At Greenlight Guru, we know how time consuming it can be to validate software tools for medical device development. That’s why we do it for you. Every major update of our software comes with a complete validation package so you can be sure you’re compliant while you’re developing your devices.
Safety is always paramount when it comes to medical devices. And creating safe SaMD means considering an extra element: cybersecurity.
Whether you’re coming from the software development world or the medical device industry, the need for cybersecurity measures should be clear by now. There have been a number of high-profile attacks in the healthcare industry in the past decade, and new vulnerabilities are being discovered all the time. In fact, healthcare is regularly cited as one of the most at-risk industries for cyberattacks.
All of this means that device makers can no longer afford to put cybersecurity on the back burner or try to add it into a finished device. The threats are real, and it’s critical that you take them seriously to protect the safety of your device users.
On May 12, 2021, the Biden administration issued the Executive Order on Improving the Nation’s Cybersecurity. One important aspect of this executive order was its focus on a software bill of materials (SBOM).
An SBOM is a nested inventory of all third party software that exists within SaMD or SiMD. A software bill of materials is crucial to the safety and security of your product, because it provides a list of ingredients for your device.
If a vulnerability is found in some widely used software component, you can quickly check whether that component is in your list of ingredients. If it is, you’ll know which products are affected and can quickly alert providers and work to fix the issue.
The executive order directed the National Telecommunications and Information Agency (NTIA) to create a list of the minimum elements that are required for an SBOM, which the NTIA has since published. The minimum elements include:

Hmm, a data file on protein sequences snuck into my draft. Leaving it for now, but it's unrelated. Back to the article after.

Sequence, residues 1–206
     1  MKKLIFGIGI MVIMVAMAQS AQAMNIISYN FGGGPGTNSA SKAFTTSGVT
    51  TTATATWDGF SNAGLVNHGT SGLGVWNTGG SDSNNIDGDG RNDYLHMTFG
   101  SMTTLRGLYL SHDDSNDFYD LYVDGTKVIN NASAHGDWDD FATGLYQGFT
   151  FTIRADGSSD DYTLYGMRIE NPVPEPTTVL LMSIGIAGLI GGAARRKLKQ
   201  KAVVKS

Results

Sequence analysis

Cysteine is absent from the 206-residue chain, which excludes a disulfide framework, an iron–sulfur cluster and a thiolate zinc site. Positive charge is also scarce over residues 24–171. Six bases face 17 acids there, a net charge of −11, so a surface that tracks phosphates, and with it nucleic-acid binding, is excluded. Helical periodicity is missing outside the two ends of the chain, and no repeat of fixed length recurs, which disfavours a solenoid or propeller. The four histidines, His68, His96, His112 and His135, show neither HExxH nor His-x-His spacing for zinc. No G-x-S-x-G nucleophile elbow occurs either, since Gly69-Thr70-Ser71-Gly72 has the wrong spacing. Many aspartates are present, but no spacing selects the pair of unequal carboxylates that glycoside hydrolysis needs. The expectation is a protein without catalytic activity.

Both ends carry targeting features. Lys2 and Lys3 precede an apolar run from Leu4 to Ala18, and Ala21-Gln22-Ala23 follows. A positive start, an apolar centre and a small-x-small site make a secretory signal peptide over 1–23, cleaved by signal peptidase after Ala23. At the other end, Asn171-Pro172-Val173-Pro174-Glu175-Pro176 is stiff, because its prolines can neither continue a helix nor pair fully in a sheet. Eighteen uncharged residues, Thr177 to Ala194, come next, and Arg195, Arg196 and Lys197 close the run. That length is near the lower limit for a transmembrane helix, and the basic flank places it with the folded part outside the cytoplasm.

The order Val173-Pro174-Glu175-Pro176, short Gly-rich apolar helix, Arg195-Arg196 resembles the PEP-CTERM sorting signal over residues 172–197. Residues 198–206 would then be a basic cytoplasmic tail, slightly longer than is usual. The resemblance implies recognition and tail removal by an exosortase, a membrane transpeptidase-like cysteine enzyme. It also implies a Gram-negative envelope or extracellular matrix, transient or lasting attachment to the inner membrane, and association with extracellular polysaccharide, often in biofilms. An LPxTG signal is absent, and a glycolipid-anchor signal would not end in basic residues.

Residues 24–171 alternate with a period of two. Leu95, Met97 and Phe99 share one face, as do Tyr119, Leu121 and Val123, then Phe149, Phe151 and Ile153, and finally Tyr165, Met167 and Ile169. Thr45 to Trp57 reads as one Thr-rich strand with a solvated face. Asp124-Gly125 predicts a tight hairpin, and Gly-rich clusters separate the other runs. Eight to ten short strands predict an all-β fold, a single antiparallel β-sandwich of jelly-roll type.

Data Fields - Document baseline information about each component that should be tracked: Supplier, Component Name, Version of the Component, Other Unique Identifiers, Dependency Relationship, Author of SBOM Data, and Timestamp.
Automation Support - Support automation, including via automatic generation and machine-readability to allow for scaling across the software ecosystem. Data formats used to generate and consume SBOMs include SPDX, CycloneDX, and SWID tags.
Practices and Processes - Define the operations of SBOM requests, generation and use including: Frequency, Depth, Known Unknowns, Distribution and Delivery, Access Control, and Accommodation of Mistakes.
Now, you may be looking at these minimum elements and thinking that this looks like a lot of work to put together. And you’re not wrong—it’s true that compiling an SBOM on your own and monitoring every component for new vulnerabilities is a heavy lift. This is why I’d recommend using an automated SBOM tool that will compile all of this for you and proactively monitor the elements in your SBOM for new vulnerabilities.
There are a number of tools out there for you to use, including the SBOM Analysis and Vulnerability Management Tool from our partners at MedCrypt. I’d encourage you to explore your options before building your SBOM manually.
The SBOM requirements are new, and I know there’s always some initial resistance to a brand new requirement, but it really is critical (and expected) that you have an SBOM for your software as a medical device.
Cybersecurity is a relatively new and ever-evolving field for regulators and medical device professionals alike. However, regulatory bodies are catching up, publishing guidance documents and resources that every SaMD professional should read and understand.
I’ve compiled a short list of them here and it’s a good place to start if you’re wondering what regulatory bodies will expect from you and your product regarding cybersecurity:
Playbook for Threat Modeling Medical Devices. Threat modeling is one of the best methods for strengthening the security and safety of your SaMD. That’s why FDA has developed this threat modeling playbook. In it you’ll find resources for developing and adapting your company’s threat modeling practices.